Long before she wrote The House of Dies Drear, M. C. Higgins, the Great, and many other children’s classics, Virginia Hamilton grew up among her extended family near Yellow Springs, Ohio, where her grandfather had been brought as a baby through the Underground Railroad. The family stories she heard as a child fueled her imagination, and the freedom to roam the farms and woods nearby trained her to be a great observer. In all, Hamilton wrote forty-one books, each driven by a focus on “the known, the remembered, and the imagined”—particularly within the lives of African Americans.
Over her thirty-five-year career, Hamilton received every major award for children’s literature. This new biography gives us the whole story of Virginia’s creative genius, her passion for nurturing young readers, and her clever way of crafting stories they’d love.
“If the children you know think biographies are boring, this one will make them reconsider. The tapestry of words Rubini weaves together brilliantly portrays the amazing, quirky, shy, frog-loving woman and extraordinary writer who was Virginia Hamilton.… Young readers will find this a quick, accessible, and memorable read.… A biography worthy of the larger-than-life Virginia Hamilton.”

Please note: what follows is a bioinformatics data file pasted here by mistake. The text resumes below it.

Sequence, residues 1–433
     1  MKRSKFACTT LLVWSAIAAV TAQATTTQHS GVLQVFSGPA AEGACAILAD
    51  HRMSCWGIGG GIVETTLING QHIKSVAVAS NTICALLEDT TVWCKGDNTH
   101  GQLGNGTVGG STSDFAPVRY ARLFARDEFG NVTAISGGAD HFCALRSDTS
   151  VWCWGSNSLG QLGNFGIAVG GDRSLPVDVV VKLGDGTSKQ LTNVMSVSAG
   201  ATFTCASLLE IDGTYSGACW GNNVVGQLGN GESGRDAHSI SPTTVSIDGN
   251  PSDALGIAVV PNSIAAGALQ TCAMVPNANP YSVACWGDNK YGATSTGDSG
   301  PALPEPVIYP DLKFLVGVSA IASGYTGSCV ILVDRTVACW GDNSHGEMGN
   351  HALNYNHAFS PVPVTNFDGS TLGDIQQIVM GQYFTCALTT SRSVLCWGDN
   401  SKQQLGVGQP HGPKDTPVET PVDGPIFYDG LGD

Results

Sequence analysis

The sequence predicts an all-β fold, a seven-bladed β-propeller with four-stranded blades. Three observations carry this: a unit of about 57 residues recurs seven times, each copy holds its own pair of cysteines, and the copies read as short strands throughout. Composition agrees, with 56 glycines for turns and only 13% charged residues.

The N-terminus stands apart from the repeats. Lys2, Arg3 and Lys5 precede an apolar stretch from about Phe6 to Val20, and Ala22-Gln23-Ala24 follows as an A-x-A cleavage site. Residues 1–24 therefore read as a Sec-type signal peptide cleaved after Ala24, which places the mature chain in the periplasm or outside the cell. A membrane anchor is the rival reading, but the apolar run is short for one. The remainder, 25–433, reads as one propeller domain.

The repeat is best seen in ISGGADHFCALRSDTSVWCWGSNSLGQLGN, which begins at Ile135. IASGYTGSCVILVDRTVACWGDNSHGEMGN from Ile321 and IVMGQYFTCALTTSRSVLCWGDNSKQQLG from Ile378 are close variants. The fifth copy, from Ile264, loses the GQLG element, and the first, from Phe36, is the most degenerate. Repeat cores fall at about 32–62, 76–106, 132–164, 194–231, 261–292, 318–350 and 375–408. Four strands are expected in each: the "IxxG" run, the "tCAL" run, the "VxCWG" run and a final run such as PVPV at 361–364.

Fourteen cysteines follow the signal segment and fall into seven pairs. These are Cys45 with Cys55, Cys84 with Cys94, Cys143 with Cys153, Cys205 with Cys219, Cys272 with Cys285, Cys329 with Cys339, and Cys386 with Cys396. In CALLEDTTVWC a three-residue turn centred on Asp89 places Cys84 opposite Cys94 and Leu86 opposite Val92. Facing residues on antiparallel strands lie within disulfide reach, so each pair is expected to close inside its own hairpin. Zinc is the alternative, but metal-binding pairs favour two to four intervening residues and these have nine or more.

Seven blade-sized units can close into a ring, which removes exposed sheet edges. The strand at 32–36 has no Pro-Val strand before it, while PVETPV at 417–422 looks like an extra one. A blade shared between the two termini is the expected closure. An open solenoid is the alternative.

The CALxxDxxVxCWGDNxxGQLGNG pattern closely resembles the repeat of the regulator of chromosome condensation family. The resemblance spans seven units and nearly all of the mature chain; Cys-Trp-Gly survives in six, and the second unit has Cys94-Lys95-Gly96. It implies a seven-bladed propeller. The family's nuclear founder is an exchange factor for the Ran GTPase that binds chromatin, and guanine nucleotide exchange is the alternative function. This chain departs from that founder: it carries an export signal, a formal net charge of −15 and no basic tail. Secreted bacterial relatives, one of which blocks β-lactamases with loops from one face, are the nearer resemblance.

“Julie Rubini has created a well-researched, empathetic, and thoughtful biography for young readers and their older allies. All the facts and chronologies are here, of course, but Virginia herself also shines through.”
Arnold Adoff, Virginia Hamilton's husband
“[Hamilton's] life is presented in a way that will inspire young females to follow their dreams. Rubini interviewed Hamilton’s husband and friends, and their accounts and memories are weaved throughout the pages.…Children, teachers, public and school librarians, and parents alike will appreciate the stories of multiculturalism and diversity within the focal story.”
“Virginia Hamilton: America’s Storyteller is an inspiring, conscientiously researched, and clear-cut biography of America’s most awarded author of children’s literature.…I loved the fact that Julie K. Rubini researched Virginia’s life with the beautiful awareness that she was writing about someone whose story could arouse the dreams of aspiring young writers and artists who might think it is impossible to become larger than life because of their background, race, ethnic group, gender, or heritage.”